Review of recent case law on general damages in the discrimination jurisdiction

As the three-year anniversary of the Full Federal Court’s landmark decision in Richardson v Oracle Corporation Australia Pty Ltd 1 approaches, its impact on the way general damages are assessed in sexual harassment and discrimination claims in Queensland has been considered in subsequent decisions. The recent case law indicates that certain awards for non-financial loss in sexual harassment and discrimination cases before the Queensland Civil and Administrative Tribunal (Tribunal) may be set to rise.

In Richardson, the Full Court of the Federal Court held that an award of $18,000 was manifestly inadequate as compensation for the damage suffered by the victim, judged by reference to prevailing community standards. Ms Richardson brought a claim against her employer and a colleague alleging breach of s 28B(2) of the Sex Discrimination Act 1984 (Cth). Justice Buchanan of the Federal Court found that Ms Richardson had been subjected to “a more or less constant barrage of sexual harassment” by the latter over a six month period. As a result, Ms Richardson sustained an adjustment disorder which continued for up to two years, caused her to change jobs and adversely affected her sex life. His Honour awarded Ms Richardson $18,000 in general damages. On appeal, the Full Court of the Federal Court found that the award of $18,000 was properly made by the trial judge based on his findings and the range of awards for discrimination and harassment cases which then applied.

However, the Full Court went on to say that the existing range of awards relied on by the trial judge did not accord with prevailing community standards. Justice Kenny noted that the historically low awards for general damages in cases of sex discrimination and harassment had led academic commentators to conclude that the courts had not accorded much weight or significance to the emotional loss and turmoil occasioned by acts of unlawful discrimination and harassment. Her Honour noted the community’s “deeper appreciation of the experience of hurt and humiliation that victims of sexual harassment experience and the value of loss of enjoyment of life occasioned by mental illness or distress caused by such conduct” as evidenced by a marked increase in awards for similar injuries in other jurisdictional areas. Justice Kenny concluded that previously accepted levels of compensation in discrimination and harassment cases, which were in the range of $12,000 to $20,000, no longer provided reasonable and just compensation. On this basis, Justice Kenny allowed Ms Richardson’s appeal and increased the award of general damages from $18,000 to $100,000.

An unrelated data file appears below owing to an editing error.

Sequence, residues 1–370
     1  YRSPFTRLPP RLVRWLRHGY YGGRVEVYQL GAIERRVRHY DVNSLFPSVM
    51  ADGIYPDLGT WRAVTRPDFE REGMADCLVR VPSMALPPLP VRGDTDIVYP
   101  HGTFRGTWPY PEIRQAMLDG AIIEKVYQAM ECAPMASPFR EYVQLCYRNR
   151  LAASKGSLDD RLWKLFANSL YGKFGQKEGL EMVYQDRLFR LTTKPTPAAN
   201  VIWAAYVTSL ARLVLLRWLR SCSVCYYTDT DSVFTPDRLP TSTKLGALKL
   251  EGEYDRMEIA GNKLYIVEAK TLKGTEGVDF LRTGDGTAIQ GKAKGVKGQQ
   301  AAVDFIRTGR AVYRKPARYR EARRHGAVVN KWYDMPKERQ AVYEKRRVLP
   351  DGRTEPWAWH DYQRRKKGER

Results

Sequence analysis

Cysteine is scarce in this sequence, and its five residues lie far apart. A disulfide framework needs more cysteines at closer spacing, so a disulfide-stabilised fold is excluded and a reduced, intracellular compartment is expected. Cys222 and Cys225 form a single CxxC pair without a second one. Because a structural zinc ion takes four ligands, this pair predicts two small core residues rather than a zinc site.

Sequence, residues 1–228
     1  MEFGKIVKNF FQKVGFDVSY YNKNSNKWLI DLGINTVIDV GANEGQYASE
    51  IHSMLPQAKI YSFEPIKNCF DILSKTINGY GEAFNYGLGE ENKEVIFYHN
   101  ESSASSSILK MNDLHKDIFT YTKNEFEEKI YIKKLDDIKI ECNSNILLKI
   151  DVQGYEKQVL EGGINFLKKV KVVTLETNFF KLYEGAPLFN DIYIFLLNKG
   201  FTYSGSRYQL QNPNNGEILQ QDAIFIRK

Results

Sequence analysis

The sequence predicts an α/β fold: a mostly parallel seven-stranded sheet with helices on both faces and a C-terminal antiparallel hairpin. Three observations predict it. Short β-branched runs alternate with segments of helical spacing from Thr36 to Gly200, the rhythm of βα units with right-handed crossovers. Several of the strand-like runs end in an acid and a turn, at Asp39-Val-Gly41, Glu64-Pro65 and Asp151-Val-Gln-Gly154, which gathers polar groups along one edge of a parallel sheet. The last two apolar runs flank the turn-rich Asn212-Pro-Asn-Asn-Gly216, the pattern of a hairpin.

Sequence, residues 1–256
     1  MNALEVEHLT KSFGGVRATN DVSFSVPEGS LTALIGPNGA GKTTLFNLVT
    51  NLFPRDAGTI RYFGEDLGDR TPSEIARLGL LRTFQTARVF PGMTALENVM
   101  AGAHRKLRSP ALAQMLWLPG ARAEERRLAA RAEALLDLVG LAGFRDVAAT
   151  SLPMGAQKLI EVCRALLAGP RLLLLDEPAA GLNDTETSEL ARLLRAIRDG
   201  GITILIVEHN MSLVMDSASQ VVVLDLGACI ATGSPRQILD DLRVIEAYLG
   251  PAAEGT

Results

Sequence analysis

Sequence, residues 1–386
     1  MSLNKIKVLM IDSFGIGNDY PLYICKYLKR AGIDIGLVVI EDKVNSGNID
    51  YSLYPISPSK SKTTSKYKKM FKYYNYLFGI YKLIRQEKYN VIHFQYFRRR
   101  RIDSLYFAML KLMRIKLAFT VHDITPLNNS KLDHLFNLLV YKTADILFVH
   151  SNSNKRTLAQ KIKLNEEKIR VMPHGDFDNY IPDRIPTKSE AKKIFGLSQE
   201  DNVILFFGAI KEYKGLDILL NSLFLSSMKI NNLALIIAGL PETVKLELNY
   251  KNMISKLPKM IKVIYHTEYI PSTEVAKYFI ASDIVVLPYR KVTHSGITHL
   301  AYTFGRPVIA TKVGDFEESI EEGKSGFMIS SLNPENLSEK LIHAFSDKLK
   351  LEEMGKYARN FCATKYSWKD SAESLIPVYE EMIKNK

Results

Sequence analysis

The reasoning of the Full Court in Richardson has influenced the way damages are assessed in various jurisdictions. By way of example, in the Victorian case of Collins v Smith,2 Judge Jenkins referred to Richardson as a significant development in the articulation of the proper approach to the assessment of damages in sexual harassment cases, and emphasised the importance of having regard to the general standards prevailing in the community for loss of enjoyment of life, and the experience of pain and suffering. The complainant was awarded $180,000 for non-financial loss and $20,000 for aggravated damages. Further, the case law since Richardson has recognised that it is of wide application and may not be limited to cases of a similar type or factual matrix.3 Richardson has been considered influential in disability discrimination cases,4 victimisation cases 5 and sexual orientation cases 6 in various jurisdictions. Interestingly, whilst Richardson has been widely considered and resulted in higher awards in some cases, increases have tended to be less dramatic than that in Richardson itself.